“Intel’s results were enthusiastically received, and should help to cancel out the gloomy figures from Yahoo, whose only ambition seems to be holding on to as much of Alibaba as possible. How the mighty have fallen.”

Factory sales rise
Canada’s factories scored their fourth gain in five months in May as sales climbed 1.6 per cent.

That increase, Statistics Canada said, was largely on the back of the oil, coal and auto sectors.

Over all, sales in May increased in 11 of 21 industries measures, or about 61 per cent of all manufacturing.

Notably, Ontario chalked up hefty increases, with sales climbing 2.3 per cent.

That’s important given that last week’s employment report showed factory jobs in Canada’s most populous province at the lowest on records dating back to the mid-1970s.

Manufacturing sales in the province, however, are now at their highest since the summer of 2008, before the recession. That’s largely thanks to the auto industry.

Inventories across Canada, meanwhile, slipped 0.6 per cent, for the first drop in five months.

The inventory-to-sales ratio, or the time it would take to exhaust inventories amid constant sales, fell to its lowest since late last year.

Unfilled orders dipped 0.5 per cent, and new orders 0.1 per cent.

Apple-IBM deal takes toll on BlackBerry
The surprising partnership between Apple Inc. and International Business Machines Corp. late yesterday is boosting the stocks of the two companies, while taking its toll on BlackBerry Ltd.

Apple shares were up by 2.1 per cent within about 15 minutes of the Nasdaq open, and IBM stock was up 2 per cent.

BlackBerry shares, in turn, were down 4.4 per cent.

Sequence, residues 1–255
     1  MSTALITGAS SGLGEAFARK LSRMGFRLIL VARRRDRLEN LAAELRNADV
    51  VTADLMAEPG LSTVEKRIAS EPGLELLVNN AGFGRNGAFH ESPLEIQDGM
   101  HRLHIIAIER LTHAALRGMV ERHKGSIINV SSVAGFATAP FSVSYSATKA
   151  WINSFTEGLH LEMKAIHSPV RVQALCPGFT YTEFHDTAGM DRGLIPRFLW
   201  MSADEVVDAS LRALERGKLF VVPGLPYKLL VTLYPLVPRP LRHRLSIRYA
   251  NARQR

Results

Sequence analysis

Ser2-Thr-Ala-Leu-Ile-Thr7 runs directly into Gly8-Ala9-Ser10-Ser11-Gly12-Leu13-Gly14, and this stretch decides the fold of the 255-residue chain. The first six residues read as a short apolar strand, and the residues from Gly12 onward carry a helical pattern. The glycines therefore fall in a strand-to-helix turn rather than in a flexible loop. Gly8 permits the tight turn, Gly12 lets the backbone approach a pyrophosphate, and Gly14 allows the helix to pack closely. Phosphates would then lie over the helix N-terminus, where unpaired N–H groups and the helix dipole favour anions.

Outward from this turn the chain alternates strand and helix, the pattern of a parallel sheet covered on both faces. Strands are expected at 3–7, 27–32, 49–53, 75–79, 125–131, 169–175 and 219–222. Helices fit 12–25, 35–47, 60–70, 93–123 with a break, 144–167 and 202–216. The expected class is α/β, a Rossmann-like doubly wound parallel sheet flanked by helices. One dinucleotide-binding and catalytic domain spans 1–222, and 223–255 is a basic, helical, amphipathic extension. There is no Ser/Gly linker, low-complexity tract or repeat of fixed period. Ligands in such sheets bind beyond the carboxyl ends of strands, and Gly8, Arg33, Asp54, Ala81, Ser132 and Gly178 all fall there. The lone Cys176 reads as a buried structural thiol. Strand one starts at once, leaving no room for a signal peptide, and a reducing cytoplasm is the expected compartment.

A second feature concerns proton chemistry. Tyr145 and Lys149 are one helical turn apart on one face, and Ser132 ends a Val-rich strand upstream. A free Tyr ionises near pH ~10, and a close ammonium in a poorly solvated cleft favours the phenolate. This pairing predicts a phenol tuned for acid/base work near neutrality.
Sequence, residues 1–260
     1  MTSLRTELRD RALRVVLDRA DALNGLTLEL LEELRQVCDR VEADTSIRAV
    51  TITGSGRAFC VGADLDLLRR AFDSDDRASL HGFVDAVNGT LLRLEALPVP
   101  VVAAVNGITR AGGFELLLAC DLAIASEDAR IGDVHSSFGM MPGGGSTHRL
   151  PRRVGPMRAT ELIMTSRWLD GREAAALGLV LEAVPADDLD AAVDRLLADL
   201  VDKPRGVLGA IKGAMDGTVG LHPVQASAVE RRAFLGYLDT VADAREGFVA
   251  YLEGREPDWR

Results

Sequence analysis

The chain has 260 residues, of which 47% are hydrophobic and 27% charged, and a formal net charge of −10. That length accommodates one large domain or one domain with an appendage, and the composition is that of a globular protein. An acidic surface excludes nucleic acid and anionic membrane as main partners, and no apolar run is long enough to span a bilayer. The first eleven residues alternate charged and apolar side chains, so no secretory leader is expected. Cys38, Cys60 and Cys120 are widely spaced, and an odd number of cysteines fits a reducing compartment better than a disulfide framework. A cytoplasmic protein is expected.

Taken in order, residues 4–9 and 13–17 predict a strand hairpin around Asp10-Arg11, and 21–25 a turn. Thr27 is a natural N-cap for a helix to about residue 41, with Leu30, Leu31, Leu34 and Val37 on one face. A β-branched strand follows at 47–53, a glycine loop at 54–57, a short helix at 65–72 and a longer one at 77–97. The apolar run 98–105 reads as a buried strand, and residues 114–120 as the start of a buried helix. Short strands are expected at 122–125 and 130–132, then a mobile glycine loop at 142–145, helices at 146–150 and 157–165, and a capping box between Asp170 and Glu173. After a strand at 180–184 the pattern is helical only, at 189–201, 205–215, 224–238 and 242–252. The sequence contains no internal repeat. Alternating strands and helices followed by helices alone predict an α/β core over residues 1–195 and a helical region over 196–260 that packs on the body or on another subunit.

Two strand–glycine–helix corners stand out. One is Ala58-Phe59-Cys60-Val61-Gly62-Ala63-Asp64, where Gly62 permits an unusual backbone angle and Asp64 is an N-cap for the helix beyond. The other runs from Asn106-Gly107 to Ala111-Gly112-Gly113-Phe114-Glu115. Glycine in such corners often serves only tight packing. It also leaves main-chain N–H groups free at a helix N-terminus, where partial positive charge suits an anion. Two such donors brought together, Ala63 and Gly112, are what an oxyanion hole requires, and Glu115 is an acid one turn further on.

As The Globe and Mail’s Iain Marlow reports, the Apple-IBM alliance strikes at the heart of BlackBerry’s business.

The two one-time U.S. rivals announced after markets closed yesterday that they’re teaming up to make business-related apps. IBM will also help sell Apple iPhones and iPads to its business customers.

“We believe this partnership will leverage Apple’s industry-leading device hardware and consumer software expertise and IBM’s big data analytics capabilities as well as domain expertise across several industries and strong enterprise customer base and should result in stronger iPhone and iPad adoption in the enterprise space,” said analyst T. Michael Walkley of Canaccord Genuity.

“While Apple’s iPhone and iPad devices have grown share of the enterprise mobility market the past several years, particularly in developed markets, we believe this partnership could further accelerate iOS penetration in and share of the global enterprise market,” he added in a research note, referring to Apple’s operating system.

Beijing should feel ‘vindicated’
There are always questions about Beijing’s official numbers, but today’s reading of second-quarter economic growth is still a strong sign.

China’s economy expanded in the three-month period by 7.5 per cent, according to the official data, a slightly faster pace than the first quarter’s 7.4 per cent.

“This should assuage hard landing fears and leave policy makers feeling vindicated in their decision not

to pursue more forceful stimulus,” said Julian Evans-Pritchard of Capital Economics.

“Looking ahead, we still expect growth to slow slightly during the second half of the year and are keeping

our forecast for 2014 unchanged at 7.3 per cent,” he added in a research note.

“Today's data demonstrate that policy makers have plenty of room to ease policy and shore up growth if necessary. We expect that further targeted measures may be rolled out to offset continued weakness in the property sector."